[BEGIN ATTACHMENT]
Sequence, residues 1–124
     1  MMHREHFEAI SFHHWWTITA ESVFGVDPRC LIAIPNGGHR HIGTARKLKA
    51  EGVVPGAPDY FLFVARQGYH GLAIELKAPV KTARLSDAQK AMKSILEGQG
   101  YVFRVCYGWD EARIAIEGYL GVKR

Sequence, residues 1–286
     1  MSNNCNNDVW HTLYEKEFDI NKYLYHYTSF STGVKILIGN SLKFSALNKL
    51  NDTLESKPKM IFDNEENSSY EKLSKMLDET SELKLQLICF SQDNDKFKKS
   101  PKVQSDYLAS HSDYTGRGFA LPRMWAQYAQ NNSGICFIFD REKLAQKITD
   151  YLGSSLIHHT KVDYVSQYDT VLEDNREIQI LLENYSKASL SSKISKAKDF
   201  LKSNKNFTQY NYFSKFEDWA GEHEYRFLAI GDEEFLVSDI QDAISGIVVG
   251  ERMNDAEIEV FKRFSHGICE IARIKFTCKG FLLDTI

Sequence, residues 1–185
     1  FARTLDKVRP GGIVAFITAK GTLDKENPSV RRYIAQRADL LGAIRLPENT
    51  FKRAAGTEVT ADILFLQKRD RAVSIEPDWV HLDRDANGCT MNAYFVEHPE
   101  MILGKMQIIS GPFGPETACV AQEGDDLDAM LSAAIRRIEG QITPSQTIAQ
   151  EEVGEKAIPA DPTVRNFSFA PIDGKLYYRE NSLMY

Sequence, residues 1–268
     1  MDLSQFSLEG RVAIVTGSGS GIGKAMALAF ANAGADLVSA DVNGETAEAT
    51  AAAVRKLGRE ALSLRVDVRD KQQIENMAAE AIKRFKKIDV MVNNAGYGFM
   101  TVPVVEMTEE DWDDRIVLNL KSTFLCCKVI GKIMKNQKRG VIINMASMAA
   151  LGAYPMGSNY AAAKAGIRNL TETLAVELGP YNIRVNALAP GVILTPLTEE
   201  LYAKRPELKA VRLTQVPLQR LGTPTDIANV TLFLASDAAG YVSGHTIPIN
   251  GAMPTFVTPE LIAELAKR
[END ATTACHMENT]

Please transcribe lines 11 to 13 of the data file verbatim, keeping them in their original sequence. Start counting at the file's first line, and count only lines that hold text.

   251  ERMNDAEIEV FKRFSHGICE IARIKFTCKG FLLDTI

Sequence, residues 1–185
     1  FARTLDKVRP GGIVAFITAK GTLDKENPSV RRYIAQRADL LGAIRLPENT